7 Jun 2016

New search of the cosmos

From Our Changing World, 9:55 pm on 7 June 2016

Physicists at the University of Auckland are signing up to be part of an ambitious astronomy project in the hope that they’ll be able to settle some of the biggest questions in science.

An impression of what the Large Synoptic Survey Telescope will look like.

An impression of what the Large Synoptic Survey Telescope will look like. Photo: LSST

The university has joined the Large Synoptic Survey Telescope (LSST) project, which will use a purpose-built telescope to take repeated snapshots of the southern sky.

Over its ten-year lifespan, the data generated by the project will be measured in petabytes (one quadrillion bytes) and will be analysed by teams of astronomers around the world, including New Zealand.

University of Auckland astrophysicist Richard Easther says the telescope will map tens of billions of stars and galaxies, imaging most of the southern sky every few days for a decade. “At the end of this, we’ll effectively have a movie of how everything in the sky has changed over ten years.”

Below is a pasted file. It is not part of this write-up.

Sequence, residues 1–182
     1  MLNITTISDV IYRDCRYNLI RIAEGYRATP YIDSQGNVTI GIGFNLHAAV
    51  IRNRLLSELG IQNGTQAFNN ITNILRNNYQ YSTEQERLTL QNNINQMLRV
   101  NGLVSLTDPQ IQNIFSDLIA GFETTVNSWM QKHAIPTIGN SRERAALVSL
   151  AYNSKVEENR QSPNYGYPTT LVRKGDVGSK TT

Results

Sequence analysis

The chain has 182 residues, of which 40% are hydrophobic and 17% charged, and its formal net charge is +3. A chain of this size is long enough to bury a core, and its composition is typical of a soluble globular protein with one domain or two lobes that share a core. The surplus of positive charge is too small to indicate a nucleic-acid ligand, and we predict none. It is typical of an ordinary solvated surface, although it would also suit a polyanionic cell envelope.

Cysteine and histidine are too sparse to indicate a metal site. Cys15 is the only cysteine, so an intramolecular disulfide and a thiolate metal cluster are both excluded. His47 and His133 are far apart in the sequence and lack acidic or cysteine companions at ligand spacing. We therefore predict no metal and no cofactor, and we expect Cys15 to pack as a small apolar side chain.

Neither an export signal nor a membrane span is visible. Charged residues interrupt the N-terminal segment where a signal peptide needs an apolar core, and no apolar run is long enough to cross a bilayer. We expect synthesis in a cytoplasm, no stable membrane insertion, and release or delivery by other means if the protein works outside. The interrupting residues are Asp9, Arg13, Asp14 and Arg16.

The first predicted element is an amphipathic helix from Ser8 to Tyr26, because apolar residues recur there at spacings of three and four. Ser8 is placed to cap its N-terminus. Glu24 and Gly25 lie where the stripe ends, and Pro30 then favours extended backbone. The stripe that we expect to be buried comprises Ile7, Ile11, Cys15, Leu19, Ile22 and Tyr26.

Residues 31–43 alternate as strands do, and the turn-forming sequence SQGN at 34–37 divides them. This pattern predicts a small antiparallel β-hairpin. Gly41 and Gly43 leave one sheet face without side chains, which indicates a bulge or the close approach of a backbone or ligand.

He says scientists will be able to probe the data with many questions “from what’s going on at the very edge of the universe to things that are happening in our solar system, from rocks that might hit the Earth to stars that are exploding at the edge of the visible universe”.

The huge mirror being built for the telescope.

The huge mirror being built for the telescope. Photo: LSST

New Zealand’s involvement will focus on some big quests: the search for planets around other stars, the origins of the universe and an answer to why the universe is expanding ever faster with the help of dark energy.

“We are very sure that dark energy is there but we’ve got no clue as to what its properties are. We would like to know what it is and how it fits into fundamental physics.”

Dr Easther says the LSST project is one of the biggest single investments made in science and has the potential to answer fundamental questions.

The University of Auckland’s agreement with the LSST consortium will allow other New Zealand astronomers to join the project, making it effectively a national opportunity. The LSST is a joint US/Chile project supported by the US National Science Foundation. It is located in Cerro Pachon in Northern Chile and is expected to see “first light” in 2019 and be fully operational by 2021.